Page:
Greater exposure to particular news sources increased misinformation on some issues.

In most cases those who had greater levels of exposure to news sources had lower levels of misinformation. There were, however, a number of cases where greater exposure to a particular news source increased misinformation on some issues.

People who voted Democrat and watched Fox News were also more likely to be misinformed.

Those who watched Fox News almost daily were significantly more likely than those who never watched it to believe that "most economists estimate the stimulus caused job losses" (12 points more likely), "most economists have estimated the health care law will worsen the deficit" (31 points), "the economy is getting worse" (26 points), "most scientists do not agree that climate change is occurring" (30 points), "the stimulus legislation did not include any tax cuts" (14 points), "their own income taxes have gone up" (14 points), "the auto bailout only occurred under Obama" (13 points), "when TARP came up for a vote most Republicans opposed it" (12 points) and that "it is not clear that Obama was born in the United States" (31 points). The effect was also not simply a function of partisan bias, as people who voted Democrat and watched Fox News were also more likely to have such misinformation than those who did not watch it--though by a lesser margin than those who voted Republican.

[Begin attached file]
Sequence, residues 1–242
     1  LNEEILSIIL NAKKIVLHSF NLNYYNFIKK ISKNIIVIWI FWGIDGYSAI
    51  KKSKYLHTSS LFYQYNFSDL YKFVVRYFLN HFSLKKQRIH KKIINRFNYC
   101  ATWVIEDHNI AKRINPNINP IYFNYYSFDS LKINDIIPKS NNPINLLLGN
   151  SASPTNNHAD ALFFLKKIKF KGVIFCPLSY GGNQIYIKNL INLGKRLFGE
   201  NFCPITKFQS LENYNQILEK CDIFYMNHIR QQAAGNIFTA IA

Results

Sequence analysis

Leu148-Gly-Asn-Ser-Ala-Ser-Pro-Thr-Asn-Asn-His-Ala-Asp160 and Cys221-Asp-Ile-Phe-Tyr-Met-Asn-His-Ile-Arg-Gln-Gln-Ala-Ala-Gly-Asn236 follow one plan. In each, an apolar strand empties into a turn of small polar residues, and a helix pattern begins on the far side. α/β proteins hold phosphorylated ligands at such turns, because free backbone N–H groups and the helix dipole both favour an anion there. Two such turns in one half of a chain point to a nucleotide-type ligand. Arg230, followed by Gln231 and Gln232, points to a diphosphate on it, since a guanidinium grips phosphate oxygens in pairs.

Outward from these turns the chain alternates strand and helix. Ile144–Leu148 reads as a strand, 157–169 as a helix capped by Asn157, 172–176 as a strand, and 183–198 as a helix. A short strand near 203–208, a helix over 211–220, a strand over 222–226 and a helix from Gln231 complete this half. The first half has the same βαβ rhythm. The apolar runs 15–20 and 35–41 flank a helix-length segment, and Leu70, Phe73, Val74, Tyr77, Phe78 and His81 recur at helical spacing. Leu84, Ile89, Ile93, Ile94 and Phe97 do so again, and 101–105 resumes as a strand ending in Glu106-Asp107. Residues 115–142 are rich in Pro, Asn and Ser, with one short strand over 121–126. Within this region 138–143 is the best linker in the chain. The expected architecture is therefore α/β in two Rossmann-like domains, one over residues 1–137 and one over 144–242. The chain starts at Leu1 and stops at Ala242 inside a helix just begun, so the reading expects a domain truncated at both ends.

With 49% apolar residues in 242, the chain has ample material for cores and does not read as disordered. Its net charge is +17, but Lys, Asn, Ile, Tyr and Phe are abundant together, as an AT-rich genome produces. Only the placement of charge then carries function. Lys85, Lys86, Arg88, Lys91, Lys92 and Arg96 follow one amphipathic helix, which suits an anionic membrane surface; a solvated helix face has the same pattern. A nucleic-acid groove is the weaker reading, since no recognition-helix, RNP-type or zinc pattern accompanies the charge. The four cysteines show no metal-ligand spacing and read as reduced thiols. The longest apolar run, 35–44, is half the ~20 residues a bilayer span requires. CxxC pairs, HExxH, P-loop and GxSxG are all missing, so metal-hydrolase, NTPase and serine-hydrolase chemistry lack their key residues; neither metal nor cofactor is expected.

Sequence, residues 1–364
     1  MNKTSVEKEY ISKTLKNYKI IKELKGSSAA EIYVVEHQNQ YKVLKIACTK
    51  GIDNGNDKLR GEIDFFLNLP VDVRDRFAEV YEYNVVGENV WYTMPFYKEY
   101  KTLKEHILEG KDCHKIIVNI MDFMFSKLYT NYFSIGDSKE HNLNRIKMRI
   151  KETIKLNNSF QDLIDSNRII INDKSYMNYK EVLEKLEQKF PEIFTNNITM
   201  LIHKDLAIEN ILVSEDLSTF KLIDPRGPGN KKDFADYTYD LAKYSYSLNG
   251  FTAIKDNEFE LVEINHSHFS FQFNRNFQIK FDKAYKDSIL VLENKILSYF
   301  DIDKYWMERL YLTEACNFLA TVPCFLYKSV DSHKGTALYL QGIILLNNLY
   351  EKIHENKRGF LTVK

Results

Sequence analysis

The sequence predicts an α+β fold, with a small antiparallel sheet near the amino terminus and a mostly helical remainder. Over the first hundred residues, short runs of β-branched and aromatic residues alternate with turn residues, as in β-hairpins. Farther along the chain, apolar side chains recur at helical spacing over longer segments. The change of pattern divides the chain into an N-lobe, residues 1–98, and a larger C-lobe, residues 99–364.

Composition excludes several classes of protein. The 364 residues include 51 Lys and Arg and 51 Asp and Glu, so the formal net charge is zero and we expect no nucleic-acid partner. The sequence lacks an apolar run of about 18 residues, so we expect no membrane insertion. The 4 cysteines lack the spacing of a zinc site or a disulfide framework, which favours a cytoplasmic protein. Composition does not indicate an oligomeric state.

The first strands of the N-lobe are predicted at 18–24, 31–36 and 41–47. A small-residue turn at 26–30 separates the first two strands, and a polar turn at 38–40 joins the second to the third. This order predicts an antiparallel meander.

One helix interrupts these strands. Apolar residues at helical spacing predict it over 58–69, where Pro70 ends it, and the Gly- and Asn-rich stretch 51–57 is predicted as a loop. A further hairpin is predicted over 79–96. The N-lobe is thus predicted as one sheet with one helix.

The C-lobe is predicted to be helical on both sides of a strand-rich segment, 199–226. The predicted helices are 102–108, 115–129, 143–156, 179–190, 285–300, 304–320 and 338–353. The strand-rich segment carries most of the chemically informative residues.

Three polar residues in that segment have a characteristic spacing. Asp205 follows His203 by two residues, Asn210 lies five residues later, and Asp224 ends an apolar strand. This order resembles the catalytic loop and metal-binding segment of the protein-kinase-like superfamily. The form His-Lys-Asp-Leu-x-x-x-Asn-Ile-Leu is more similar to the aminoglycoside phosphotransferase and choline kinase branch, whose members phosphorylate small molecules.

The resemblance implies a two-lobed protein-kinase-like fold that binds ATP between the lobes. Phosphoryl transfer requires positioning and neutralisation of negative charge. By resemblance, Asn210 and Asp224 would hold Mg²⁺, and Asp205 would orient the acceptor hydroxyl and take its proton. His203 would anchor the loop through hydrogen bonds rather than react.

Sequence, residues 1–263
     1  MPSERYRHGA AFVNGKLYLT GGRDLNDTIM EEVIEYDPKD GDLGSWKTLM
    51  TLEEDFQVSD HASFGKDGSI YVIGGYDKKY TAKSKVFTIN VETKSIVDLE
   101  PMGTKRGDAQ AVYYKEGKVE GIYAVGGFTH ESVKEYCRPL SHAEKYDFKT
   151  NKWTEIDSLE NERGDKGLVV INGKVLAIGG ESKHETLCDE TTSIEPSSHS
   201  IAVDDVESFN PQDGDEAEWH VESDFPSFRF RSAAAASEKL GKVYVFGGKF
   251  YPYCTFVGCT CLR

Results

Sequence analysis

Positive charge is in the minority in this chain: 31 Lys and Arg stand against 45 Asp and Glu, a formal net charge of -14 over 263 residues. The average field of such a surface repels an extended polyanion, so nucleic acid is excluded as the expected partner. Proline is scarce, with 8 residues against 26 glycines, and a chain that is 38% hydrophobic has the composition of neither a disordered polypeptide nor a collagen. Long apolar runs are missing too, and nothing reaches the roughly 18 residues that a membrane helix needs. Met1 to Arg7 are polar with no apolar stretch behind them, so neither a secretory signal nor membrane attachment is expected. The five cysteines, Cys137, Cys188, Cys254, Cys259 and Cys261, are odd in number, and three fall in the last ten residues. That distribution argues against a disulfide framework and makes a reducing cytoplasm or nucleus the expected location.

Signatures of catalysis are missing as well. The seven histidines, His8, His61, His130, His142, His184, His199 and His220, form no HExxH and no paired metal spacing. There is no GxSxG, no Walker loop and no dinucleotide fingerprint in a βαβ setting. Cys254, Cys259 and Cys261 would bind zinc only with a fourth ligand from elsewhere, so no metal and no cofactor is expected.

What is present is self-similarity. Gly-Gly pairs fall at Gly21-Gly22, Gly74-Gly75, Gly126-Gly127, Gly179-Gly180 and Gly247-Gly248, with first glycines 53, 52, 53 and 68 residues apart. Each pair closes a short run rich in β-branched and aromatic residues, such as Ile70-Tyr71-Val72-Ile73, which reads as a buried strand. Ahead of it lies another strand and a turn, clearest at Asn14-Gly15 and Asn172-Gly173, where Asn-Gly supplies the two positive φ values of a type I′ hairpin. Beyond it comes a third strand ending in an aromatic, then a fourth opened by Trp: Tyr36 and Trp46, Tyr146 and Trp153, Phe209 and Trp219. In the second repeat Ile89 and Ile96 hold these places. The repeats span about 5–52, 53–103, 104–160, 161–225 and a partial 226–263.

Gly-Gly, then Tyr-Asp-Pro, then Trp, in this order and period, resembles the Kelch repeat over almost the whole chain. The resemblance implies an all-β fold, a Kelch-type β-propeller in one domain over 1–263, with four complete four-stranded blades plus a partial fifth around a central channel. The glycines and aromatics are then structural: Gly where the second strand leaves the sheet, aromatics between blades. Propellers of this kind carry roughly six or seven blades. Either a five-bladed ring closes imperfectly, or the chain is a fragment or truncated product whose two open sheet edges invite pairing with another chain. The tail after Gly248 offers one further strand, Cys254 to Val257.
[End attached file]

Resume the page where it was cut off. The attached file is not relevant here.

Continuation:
There were cases with some other news sources as well. Daily consumers of MSNBC and public broadcasting (NPR and PBS) were higher (34 points and 25 points respectively) in believing that "it was proven that the US Chamber of Commerce was spending money raised from foreign sources to support Republican candidates." Daily watchers of network TV news broadcasts were 12 points higher in believing that "TARP was signed into law by President Obama," and 11 points higher in believing that "most Republicans oppose TARP."